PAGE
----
But then, I discovered some intellectuals that championed conservative causes.  I discovered a whole array of smart people who WERE able to make the arguments that I was unable to make for myself.  They showed me that not only what I was trying to suppress all this time was right, but that there's a very underhanded method deployed by the opposition to keep right leaning people thinking they're wrong and in the minority.  It was a breath of fresh air and a relief.  Not only wasn't I alone, but I was also in the majority.

In the process, I haven't lost my ability to view things objectively or critically.  In fact, I'd venture to say that I'm even better equipped than I was before.  I'm still the same person that will take a skeptic's view, but now armed with more, I can arrive at different conclusions.

And as it turns out, those conclusions turn out to be the same as they were when I was younger, revealing the wisdom of God and my parents.

I have no illusions that I'm perfect.  No illusions of grandiose authority.   I know for certain I need to get better at communicating my ideas effectively.  And so I blog, in hopes I'll get better and that if what I write can change the heart of just 1 person, I'll feel that it was time well spent.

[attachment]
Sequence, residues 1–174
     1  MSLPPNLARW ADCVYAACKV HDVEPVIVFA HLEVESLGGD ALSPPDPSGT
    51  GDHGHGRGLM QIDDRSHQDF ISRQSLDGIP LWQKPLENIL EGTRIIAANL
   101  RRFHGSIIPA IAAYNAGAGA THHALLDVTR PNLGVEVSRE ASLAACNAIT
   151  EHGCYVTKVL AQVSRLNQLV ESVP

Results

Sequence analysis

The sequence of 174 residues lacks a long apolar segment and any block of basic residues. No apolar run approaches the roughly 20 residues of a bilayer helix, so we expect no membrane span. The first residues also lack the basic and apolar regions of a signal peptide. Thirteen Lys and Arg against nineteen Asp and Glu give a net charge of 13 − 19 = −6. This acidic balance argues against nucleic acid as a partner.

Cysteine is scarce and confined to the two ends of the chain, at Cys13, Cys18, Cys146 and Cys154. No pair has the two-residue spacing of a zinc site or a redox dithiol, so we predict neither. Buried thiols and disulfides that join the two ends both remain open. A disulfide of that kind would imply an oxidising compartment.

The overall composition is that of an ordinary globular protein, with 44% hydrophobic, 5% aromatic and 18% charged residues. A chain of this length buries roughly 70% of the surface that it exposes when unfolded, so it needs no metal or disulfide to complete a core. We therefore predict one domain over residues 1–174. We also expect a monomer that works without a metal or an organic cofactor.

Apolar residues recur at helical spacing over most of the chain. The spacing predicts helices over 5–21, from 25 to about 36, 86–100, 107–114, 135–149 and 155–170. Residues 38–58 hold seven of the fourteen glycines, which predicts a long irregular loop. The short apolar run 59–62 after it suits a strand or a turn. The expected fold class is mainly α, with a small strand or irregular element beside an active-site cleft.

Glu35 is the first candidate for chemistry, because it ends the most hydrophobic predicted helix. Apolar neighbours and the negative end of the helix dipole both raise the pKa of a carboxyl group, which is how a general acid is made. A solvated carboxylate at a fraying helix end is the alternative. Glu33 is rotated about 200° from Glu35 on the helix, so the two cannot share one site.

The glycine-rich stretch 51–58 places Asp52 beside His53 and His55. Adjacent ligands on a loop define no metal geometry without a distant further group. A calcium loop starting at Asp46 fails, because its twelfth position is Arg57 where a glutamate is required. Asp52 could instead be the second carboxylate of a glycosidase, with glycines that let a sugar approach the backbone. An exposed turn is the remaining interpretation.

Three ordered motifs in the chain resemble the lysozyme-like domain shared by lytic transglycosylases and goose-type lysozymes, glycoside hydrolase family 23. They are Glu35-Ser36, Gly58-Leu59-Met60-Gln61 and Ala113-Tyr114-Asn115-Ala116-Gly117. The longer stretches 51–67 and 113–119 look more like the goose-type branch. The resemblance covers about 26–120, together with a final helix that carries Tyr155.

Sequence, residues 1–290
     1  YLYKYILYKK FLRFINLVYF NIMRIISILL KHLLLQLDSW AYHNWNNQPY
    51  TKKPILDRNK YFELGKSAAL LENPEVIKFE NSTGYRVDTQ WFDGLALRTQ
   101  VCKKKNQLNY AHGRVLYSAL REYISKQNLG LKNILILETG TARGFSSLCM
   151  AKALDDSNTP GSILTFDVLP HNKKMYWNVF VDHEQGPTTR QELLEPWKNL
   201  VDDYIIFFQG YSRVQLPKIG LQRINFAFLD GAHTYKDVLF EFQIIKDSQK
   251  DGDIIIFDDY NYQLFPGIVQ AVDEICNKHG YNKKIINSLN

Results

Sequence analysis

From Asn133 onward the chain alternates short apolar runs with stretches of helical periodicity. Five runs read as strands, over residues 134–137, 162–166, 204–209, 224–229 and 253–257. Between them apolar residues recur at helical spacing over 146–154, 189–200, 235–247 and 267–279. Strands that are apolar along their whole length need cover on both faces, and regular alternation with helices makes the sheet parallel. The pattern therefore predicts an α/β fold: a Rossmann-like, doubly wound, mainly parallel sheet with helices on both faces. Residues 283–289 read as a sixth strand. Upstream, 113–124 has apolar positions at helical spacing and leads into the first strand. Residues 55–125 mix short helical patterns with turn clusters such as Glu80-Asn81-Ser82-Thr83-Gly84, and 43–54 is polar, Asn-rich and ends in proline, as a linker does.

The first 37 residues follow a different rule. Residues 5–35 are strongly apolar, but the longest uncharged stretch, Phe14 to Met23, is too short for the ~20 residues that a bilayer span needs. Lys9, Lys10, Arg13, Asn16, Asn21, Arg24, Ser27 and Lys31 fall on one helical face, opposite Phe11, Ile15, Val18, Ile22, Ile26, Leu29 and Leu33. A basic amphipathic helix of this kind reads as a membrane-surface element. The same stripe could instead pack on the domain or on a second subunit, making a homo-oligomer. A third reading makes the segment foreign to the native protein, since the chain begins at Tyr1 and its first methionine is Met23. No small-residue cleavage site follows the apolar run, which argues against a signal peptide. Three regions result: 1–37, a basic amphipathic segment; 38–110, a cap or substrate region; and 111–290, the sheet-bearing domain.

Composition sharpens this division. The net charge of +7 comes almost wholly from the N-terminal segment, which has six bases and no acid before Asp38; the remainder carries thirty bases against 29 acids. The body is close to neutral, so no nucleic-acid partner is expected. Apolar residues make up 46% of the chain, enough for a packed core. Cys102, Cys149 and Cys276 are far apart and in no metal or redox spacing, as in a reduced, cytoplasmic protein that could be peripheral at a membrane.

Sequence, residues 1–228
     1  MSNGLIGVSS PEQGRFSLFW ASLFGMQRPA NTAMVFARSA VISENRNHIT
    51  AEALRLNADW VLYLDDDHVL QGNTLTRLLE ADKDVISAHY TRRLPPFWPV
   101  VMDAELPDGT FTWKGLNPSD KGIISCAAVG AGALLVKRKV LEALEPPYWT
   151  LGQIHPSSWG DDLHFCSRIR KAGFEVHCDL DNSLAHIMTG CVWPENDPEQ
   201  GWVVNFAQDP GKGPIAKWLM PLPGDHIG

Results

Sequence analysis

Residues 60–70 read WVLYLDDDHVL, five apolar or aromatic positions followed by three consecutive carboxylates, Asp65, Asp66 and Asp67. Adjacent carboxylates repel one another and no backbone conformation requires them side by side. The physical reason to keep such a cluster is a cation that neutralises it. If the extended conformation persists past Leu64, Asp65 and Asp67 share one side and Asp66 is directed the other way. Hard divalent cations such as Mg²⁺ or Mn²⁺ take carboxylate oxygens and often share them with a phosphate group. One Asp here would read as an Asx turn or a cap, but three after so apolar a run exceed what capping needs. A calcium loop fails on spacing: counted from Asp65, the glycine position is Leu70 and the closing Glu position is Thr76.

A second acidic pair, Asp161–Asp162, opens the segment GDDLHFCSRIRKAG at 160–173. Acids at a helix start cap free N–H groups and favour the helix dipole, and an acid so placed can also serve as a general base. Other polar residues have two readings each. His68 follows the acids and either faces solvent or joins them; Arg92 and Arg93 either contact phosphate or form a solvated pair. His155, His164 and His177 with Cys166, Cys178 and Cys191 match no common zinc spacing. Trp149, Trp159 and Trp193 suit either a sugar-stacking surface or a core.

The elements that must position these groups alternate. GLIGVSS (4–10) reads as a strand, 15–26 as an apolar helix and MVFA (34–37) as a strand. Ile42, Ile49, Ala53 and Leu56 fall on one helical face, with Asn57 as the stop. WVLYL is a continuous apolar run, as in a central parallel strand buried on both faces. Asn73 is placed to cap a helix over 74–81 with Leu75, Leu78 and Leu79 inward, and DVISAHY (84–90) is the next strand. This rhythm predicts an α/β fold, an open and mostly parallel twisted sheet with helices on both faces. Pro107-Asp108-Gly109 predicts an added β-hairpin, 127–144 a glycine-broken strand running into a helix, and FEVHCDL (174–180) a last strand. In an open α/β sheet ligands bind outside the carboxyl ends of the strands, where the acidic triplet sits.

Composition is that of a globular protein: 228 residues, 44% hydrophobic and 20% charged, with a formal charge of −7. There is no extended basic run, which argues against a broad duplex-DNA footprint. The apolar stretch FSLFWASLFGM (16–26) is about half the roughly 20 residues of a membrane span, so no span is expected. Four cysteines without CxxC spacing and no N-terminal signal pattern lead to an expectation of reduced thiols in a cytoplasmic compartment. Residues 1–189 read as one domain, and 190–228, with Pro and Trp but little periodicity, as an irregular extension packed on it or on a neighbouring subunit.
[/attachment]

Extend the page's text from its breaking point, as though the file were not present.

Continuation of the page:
Saturday, September 1, 2012

My 2016: Obama's America review

Alright, before I get started, let's get a few things out of the way.  First, which should come as no surprise, is I'm conservative and a Republican.  I definitely lean right in my perception.  However, this leaning is not formed by mere alarmist bias.  It's not formed by blind faith.  It's formed by evaluating what I see in front of me while attempting to be as informed as I can.  Generally, when doing this, my conclusions will lean conservative.  But it's not automatic.  I still try to look critically.  Yes, I rail on liberals alot simply because there's a fundamental ideological clash.  But when it comes to evaluating a piece of political media, I do my best to play the part of the skeptic even if I naturally lean right.

I say this because I'm aware (and as I've said before) that conservatives in general just aren't as good on both documentary/entertainment media and the argumentative front as liberals are.  I've seen some of it.  For example, FahrenHYPE 9/11, an obvious retort to Michael Moore's Fahrenheit 9/11 was terrible.  Their counters were poorly constructed and there just wasn't a lot of meaty substance.  And even while I found Moore's work to be loathsome and misleading, this counter documentary isn't something I'd refer to as a definitive refutation of the original film.  What I'm getting at here is that just because a piece of media has a conservative bend doesn't mean I'm going to rally behind or endorse it.